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Mars Global Surveyor
Mars Orbiter Camera

General Comparison of Grand Canyon and Gale Crater
Central Mound Geologic Cross Sections

MGS MOC Release No. MOC2-265L, 4 December 2000



This sketch compares the thickness of the section of layered rocks exposed in the walls of the Grand Canyon in Arizona with that of the layered mound in central Gale Crater. In the case of the Grand Canyon, rocks portrayed as horizontal in the diagram were formed within the past half-billion years. Rocks that are tilted (dipping) are more than a billion years old. Comparable thickness does not necessarily mean comparable age, as different processes and time scales are involved in the formation of each rock unit, and there are gaps in the geologic record when rocks were not formed (both in Gale Crater and in the Grand Canyon). On the other hand, even on a intensely geologically active planet like the Earth (and in a place such as the Colorado Plateau where the Grand Canyon is located), it took many hundreds of millions of years to create sedimentary rock deposits of the thickness comparable to those observed in the martian crater. So it is likely the martian rocks record a considerable amount of time. Equally interesting are the timescale and processes responsible for erosion. We know in the Grand Canyon that downcutting by the Colorado River and subsequent mass movements to widen it were responsible for exposing the rocks there. What processes caused the rocks in Gale Crater to be eroded such that there is now a 2-4 km (1.2-2.5 mi) high mound of layered sedimentary rock left in its center? No one knows.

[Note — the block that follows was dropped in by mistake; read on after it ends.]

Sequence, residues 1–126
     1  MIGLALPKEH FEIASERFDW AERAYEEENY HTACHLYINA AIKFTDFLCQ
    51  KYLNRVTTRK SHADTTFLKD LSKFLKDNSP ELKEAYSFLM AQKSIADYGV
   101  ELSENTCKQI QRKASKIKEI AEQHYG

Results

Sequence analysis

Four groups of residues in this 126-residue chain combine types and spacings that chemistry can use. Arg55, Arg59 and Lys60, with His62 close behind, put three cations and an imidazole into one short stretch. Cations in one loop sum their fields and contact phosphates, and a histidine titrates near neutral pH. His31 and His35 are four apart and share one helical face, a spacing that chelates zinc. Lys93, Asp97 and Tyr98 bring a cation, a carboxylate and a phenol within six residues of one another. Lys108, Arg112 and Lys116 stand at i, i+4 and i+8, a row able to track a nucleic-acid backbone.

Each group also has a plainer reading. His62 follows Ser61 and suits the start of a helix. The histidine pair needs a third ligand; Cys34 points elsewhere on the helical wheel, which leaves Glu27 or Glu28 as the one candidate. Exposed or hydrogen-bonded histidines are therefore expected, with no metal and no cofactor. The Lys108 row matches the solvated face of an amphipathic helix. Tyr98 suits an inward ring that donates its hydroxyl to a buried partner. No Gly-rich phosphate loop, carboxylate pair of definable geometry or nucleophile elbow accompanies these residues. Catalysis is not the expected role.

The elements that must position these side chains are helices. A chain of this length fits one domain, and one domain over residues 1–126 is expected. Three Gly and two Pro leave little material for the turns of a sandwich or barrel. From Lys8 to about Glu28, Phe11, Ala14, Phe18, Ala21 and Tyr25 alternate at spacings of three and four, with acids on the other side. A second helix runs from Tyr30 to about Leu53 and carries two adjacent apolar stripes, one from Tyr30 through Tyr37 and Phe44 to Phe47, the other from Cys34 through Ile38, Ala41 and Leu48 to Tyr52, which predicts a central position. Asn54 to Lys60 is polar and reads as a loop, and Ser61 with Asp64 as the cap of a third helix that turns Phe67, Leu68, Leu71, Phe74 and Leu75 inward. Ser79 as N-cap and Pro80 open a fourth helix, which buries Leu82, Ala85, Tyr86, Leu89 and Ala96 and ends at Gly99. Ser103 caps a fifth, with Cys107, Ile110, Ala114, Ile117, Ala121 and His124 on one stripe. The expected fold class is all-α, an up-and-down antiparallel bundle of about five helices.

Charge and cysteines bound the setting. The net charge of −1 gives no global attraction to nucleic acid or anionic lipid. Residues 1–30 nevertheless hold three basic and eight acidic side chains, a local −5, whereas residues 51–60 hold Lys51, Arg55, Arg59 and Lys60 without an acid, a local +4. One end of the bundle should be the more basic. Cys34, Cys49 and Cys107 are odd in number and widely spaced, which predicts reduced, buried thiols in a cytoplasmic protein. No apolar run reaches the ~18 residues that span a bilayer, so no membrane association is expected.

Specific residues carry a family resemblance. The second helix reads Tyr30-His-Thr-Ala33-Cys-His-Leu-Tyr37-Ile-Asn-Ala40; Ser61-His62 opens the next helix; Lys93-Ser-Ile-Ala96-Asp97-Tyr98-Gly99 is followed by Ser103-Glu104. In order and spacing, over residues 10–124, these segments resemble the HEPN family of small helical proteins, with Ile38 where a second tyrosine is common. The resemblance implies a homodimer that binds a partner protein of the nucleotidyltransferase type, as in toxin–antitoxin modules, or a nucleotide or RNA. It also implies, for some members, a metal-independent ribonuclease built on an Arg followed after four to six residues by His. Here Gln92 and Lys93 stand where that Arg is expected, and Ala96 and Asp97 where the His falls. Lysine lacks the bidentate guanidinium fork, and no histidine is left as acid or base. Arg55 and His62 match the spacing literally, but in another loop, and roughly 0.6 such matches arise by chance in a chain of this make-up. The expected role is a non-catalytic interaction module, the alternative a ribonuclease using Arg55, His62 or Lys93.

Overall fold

For additional views of Gale Crater's rocks, see:

For an additional view of the Grand Canyon, see:

Image Credit: NASA/JPL/Malin Space Science Systems

Malin Space Science Systems and the California Institute of Technology built the MOC using spare hardware from the Mars Observer mission. MSSS operates the camera from its facilities in San Diego, CA. The Jet Propulsion Laboratory's Mars Surveyor Operations Project operates the Mars Global Surveyor spacecraft with its industrial partner, Lockheed Martin Astronautics, from facilities in Pasadena, CA and Denver, CO.

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